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Sudden Infant Death Syndrome

Sudden Infant Death Syndrome (SIDS, also known as cot death and crib death), is the term for the sudden and unexplained death of an apparently healthy infant aged one month to one year. SIDS is a definition of exclusion and only applies to an infant whose death remains unexplained after the performance of an adequate postmortem investigation including (1) an autopsy[?], (2) investigation of the scene and circumstances of the death and (3) exploration of the medical history[?] of the infant and family. Generally, but not always, the infant is found dead after having been put to sleep and exhibits no signs of having suffered. The inexplicable nature of the syndrome often leaves parents with a deep sense of guilt in addition to their grief.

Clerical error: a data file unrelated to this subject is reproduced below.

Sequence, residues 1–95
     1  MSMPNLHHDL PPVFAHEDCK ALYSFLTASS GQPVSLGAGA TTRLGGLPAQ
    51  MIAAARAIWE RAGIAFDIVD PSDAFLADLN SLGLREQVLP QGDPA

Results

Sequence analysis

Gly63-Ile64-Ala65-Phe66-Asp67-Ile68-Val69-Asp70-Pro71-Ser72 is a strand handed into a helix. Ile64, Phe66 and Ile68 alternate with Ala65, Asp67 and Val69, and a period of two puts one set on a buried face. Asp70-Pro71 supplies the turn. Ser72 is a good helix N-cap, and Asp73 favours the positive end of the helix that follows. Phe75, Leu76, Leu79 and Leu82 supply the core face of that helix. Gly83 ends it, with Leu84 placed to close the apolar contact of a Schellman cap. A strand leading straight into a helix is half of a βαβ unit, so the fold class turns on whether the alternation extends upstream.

Very little is known about the possible causes of SIDS. Although there is no known way to prevent it, research has provided several risk factors which are related to an increased incidence of the syndrome. These include:

Prenatal Risks

Post-natal Risks

  • low birth weight (especially less than 1.6 kg / 3.5 lbs)
  • exposure to tobacco smoke
  • laying an infant to sleep on his or her stomach (see positional plagiocephaly)
  • failure to breastfeed
  • excess clothing and overheating
  • excess bedding, soft sleep surface and stuffed animals
  • gender (60% of deaths occur in males)
  • age (incidence is higher between 2-4 months)

In addition, research indicates a reduced risk of SIDS in conjunction with a safe co-sleeping[?] arrangement. Though findings are still preliminary, the proximity of a parent's respiration is thought to stimulate proper respiratory development in the infant.

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